Tma 04

TMA 04

Making Social Lives

Word Count –


What is the role of the Census?   Why do we have a census?

“A census is a count of all people and households in the country. It provides population statistics from a national to neighbourhood level for government, local authorities, business and communities.” - (Accessed 27th June 2010)

The census is a tool the state uses to govern its people.

Looks at birth rates, gender, health etc. Accurate information on people and where they live and their needs.

Can be divided into parts i.e. gender, age etc.

The census is a way in which a state records statistical information about its population.   The census takes the form of a number of questions which a person completes and returns. The information recorded is used in a variety of ways by the state.   This can include funding for specific groups or is sub divided into various sub divisions or parts allowing the state to have broad information on the makeup of the population   and compare the different groups that coexist within the population i.e. gender, religious affiliations etc. There are 2 views that exist for looking at the role of the census.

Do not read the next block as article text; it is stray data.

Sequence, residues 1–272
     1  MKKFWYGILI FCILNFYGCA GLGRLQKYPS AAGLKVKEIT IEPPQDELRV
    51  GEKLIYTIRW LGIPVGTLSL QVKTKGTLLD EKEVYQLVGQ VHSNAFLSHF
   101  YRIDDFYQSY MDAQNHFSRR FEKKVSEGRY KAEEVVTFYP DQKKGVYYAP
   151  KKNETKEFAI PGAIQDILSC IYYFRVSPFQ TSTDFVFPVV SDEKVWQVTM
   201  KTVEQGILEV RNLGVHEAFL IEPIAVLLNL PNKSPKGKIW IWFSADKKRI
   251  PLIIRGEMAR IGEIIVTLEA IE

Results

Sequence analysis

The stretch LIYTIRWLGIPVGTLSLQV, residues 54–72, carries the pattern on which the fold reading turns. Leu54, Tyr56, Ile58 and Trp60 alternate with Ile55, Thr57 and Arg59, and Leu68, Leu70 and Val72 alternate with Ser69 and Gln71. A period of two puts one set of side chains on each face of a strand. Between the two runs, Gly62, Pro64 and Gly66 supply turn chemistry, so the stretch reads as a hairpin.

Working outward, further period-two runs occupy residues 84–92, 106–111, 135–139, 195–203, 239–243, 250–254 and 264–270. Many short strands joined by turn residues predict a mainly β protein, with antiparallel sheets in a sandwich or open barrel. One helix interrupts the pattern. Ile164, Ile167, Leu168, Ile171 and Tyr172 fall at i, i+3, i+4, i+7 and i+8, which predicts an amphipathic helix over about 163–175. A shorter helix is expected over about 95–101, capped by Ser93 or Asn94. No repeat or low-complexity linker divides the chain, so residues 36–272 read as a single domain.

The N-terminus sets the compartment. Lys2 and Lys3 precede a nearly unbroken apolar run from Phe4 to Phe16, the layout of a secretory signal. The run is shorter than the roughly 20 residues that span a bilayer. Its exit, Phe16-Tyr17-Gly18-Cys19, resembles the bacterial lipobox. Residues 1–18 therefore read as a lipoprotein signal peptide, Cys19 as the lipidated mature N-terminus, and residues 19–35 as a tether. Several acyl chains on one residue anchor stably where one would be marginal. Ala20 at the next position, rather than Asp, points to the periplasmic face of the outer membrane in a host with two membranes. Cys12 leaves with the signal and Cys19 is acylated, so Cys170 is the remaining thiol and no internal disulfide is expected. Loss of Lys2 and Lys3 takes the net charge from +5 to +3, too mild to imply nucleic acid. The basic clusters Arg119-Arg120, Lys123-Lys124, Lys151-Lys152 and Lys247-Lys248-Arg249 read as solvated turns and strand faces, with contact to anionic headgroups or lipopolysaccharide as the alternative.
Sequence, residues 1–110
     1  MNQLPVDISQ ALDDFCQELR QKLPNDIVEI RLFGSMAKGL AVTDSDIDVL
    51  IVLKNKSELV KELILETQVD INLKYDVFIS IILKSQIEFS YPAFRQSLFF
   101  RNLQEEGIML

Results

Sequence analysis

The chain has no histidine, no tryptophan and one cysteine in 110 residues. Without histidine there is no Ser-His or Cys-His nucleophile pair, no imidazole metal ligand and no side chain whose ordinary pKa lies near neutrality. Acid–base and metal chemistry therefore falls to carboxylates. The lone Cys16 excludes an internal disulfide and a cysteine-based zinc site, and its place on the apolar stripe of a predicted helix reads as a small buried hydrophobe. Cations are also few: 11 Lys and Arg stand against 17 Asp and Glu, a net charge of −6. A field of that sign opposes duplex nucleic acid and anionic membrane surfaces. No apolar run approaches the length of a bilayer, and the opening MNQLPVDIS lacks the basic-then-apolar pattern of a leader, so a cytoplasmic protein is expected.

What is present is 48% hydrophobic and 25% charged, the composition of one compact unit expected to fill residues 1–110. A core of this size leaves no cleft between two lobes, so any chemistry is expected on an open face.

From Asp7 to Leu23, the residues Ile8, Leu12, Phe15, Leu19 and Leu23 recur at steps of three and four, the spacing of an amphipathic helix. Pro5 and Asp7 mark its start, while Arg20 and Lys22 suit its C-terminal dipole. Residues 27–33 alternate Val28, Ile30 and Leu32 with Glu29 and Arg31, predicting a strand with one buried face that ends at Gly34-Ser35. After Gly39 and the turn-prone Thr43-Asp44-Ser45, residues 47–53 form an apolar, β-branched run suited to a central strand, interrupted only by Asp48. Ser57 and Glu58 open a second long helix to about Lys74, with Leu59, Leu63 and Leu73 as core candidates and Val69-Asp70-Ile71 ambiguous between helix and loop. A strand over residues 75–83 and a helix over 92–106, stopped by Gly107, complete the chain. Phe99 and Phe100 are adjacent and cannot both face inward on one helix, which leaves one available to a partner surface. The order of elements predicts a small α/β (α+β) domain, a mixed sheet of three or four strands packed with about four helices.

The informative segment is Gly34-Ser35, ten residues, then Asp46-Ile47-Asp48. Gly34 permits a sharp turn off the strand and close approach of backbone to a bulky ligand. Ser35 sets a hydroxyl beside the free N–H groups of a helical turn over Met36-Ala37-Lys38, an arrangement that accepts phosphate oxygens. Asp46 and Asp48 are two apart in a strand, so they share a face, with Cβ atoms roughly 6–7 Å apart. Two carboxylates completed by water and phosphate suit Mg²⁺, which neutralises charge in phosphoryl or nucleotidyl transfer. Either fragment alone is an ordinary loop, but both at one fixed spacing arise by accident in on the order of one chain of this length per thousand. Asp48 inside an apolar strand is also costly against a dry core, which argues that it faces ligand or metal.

Both views look at the purpose or the role of the census.

The census happens every 10 years and includes the entire population.

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The objectivist interpretation is to accurately reflect the population independently of the census itself.

The view of the objectivist regarding the role of the census is that the census is used by the state as a tool for ‘counting noses’.   That is the population exists and is a physical ‘thing’ to be counted. The view is that the population are the people of the state and are therefore already in existence and need to be counted and classified. It has also been the view that “It is through the practice of identification like the census that makes people ‘legible’ and governable.” (Scott (1999), P401)....